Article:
11. The Los Alamos Space Science Outreach (LASSO) Program

    Science.gov (United States)

    Barker, P. L.; Skoug, R. M.; Alexander, R. J.; Thomsen, M. F.; Gary, S. P.

    2002-12-01

    The Los Alamos Space Science Outreach (LASSO) program features summer workshops in which K-14 teachers spend several weeks at LANL learning space science from Los Alamos scientists and developing methods and materials for teaching this science to their students. The program is designed to provide hands-on space science training to teachers as well as assistance in developing lesson plans for use in their classrooms. The program supports an instructional model based on education research and cognitive theory. Students and teachers engage in activities that encourage critical thinking and a constructivist approach to learning. LASSO is run through the Los Alamos Science Education Team (SET). SET personnel have many years of experience in teaching, education research, and science education programs. Their involvement ensures that the teacher workshop program is grounded in sound pedagogical methods and meets current educational standards. Lesson plans focus on current LANL satellite projects to study the solar wind and the Earth's magnetosphere. LASSO is an umbrella program for space science education activities at Los Alamos National Laboratory (LANL) that was created to enhance the science and math interests and skills of students from New Mexico and the nation. The LASSO umbrella allows maximum leveraging of EPO funding from a number of projects (and thus maximum educational benefits to both students and teachers), while providing a format for the expression of the unique science perspective of each project.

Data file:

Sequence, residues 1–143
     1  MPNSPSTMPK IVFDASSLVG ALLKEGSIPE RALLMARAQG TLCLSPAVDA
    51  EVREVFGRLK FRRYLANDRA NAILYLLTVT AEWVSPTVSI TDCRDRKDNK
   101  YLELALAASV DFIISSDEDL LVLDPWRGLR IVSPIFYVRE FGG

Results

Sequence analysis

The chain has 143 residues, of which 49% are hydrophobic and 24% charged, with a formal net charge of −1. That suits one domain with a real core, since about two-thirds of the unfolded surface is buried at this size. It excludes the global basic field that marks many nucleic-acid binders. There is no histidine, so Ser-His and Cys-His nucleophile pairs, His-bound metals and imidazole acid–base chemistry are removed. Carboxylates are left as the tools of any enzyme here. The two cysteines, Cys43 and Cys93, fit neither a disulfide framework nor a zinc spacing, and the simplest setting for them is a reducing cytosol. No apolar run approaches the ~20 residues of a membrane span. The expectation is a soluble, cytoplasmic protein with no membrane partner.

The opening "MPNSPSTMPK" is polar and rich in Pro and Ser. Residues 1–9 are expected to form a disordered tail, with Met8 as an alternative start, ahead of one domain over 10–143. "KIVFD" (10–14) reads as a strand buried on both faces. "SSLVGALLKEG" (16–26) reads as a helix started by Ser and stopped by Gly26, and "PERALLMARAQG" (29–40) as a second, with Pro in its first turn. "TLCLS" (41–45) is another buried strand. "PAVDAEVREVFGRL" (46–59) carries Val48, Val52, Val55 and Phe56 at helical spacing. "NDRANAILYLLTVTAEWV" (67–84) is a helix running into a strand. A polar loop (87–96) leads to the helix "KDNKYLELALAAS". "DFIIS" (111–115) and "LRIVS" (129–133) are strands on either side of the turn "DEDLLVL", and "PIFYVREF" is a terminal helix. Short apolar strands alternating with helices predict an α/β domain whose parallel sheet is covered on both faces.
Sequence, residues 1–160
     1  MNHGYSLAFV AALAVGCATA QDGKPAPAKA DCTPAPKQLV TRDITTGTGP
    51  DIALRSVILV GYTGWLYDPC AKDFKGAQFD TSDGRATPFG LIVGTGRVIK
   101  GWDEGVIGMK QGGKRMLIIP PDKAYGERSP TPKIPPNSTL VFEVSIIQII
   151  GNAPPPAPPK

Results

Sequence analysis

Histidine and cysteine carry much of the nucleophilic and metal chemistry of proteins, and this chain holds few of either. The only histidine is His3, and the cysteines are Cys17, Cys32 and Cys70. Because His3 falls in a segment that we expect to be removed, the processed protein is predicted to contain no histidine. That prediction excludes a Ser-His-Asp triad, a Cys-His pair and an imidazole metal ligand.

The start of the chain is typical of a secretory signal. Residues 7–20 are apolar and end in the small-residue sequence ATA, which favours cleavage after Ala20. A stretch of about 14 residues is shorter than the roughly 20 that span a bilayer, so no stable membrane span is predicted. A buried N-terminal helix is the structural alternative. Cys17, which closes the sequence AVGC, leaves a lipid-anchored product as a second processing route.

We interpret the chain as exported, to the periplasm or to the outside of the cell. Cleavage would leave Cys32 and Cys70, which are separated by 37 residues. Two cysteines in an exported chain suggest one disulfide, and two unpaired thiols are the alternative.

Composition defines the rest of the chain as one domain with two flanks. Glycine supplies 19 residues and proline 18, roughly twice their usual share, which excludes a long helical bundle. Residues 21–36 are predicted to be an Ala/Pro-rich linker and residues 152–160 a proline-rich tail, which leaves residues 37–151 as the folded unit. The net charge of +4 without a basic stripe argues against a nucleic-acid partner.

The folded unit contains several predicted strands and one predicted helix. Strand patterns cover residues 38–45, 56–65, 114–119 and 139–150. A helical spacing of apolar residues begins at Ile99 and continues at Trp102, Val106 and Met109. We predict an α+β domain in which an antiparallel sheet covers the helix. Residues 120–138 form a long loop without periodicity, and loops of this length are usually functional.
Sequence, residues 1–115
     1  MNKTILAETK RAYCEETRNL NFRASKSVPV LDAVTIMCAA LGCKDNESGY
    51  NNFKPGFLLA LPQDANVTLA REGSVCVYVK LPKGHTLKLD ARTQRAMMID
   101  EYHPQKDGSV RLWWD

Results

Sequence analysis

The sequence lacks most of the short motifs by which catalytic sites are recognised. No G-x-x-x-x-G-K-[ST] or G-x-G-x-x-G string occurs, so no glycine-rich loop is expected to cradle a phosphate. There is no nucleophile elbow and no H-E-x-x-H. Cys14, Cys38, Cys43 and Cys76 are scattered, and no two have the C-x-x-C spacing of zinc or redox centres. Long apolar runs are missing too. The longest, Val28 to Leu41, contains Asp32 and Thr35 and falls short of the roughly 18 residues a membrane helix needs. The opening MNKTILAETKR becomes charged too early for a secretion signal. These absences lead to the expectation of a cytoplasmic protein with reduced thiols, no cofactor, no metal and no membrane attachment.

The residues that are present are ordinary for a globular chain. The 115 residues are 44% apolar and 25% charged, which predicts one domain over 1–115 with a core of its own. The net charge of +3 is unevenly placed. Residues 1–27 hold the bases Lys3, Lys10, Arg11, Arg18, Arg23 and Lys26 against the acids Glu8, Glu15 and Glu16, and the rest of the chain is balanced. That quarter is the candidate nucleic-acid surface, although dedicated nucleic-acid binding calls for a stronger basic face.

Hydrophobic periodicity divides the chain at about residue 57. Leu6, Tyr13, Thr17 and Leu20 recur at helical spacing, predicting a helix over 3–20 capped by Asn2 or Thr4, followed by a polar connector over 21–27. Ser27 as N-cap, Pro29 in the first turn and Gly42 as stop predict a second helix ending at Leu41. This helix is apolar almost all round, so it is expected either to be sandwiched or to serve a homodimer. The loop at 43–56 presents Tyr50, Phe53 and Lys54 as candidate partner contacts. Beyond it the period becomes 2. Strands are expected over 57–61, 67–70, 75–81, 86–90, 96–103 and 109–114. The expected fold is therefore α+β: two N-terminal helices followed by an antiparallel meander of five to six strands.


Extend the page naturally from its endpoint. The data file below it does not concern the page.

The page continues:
12. Aqueous Nitrate Recovery Line at Los Alamos National Laboratory

    Energy Technology Data Exchange (ETDEWEB)

    Finstad, Casey Charles [Los Alamos National Lab. (LANL), Los Alamos, NM (United States)

    2016-06-15

    This powerpoint is part of the ADPSM Plutonium Engineering Lecture Series, which is an opportunity for new hires at LANL to get an overview of work done at TA55. It goes into detail about the aqueous nitrate recovery line at Los Alamos National Laboratory.

  13. Waveguide slot-excited long racetrack electron cyclotron resonance plasma source for roll-to-roll (scanning) processing.

    Science.gov (United States)

    You, H-J

    2013-07-01

    We present a SLot-excited ANtenna (SLAN) long racetrack ECR plasma source that is utilized for roll-to-roll plasma processing such as thin film encapsulation of large-area OLED (organic light emitting diode) panel or modification of fabric surfaces. This source is designed to be long, and to operate under high density uniform plasma with sub-milli-torr pressures. The above features are accomplished by a slot-excited long racetrack resonator with a toroidal geometry of magnetic field ECR configuration, and reinforced microwave electric distributions along the central region of plasma chamber. Also, a new feature has been added to the source. This is to employ a tail plunger, which allows the microwave electric field and the uniformity of the plasma profile to be easily adjustable. We have successfully generated Ar plasmas operating with the microwave power of 0.5-3 kW in the pressure range of 0.2-10 mTorr. The plasma is uniform (racetrack-SLAN source.